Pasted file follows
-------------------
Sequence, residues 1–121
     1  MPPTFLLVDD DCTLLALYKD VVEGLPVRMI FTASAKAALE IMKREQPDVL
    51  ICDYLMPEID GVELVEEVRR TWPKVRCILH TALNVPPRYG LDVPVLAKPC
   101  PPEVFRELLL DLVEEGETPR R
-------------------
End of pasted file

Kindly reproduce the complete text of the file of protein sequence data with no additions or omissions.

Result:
Sequence, residues 1–121
     1  MPPTFLLVDD DCTLLALYKD VVEGLPVRMI FTASAKAALE IMKREQPDVL
    51  ICDYLMPEID GVELVEEVRR TWPKVRCILH TALNVPPRYG LDVPVLAKPC
   101  PPEVFRELLL DLVEEGETPR R